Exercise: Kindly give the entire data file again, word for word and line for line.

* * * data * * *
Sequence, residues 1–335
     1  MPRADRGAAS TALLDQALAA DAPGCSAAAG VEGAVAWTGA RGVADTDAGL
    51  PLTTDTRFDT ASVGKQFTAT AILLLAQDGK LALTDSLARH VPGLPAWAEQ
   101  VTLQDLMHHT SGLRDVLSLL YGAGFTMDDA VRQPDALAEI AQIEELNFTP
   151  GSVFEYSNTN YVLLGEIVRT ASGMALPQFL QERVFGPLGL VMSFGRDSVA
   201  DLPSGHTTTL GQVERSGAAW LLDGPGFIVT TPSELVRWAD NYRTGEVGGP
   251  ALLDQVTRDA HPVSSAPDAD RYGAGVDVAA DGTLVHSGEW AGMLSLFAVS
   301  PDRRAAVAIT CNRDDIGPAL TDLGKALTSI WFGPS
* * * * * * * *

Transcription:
Sequence, residues 1–335
     1  MPRADRGAAS TALLDQALAA DAPGCSAAAG VEGAVAWTGA RGVADTDAGL
    51  PLTTDTRFDT ASVGKQFTAT AILLLAQDGK LALTDSLARH VPGLPAWAEQ
   101  VTLQDLMHHT SGLRDVLSLL YGAGFTMDDA VRQPDALAEI AQIEELNFTP
   151  GSVFEYSNTN YVLLGEIVRT ASGMALPQFL QERVFGPLGL VMSFGRDSVA
   201  DLPSGHTTTL GQVERSGAAW LLDGPGFIVT TPSELVRWAD NYRTGEVGGP
   251  ALLDQVTRDA HPVSSAPDAD RYGAGVDVAA DGTLVHSGEW AGMLSLFAVS
   301  PDRRAAVAIT CNRDDIGPAL TDLGKALTSI WFGPS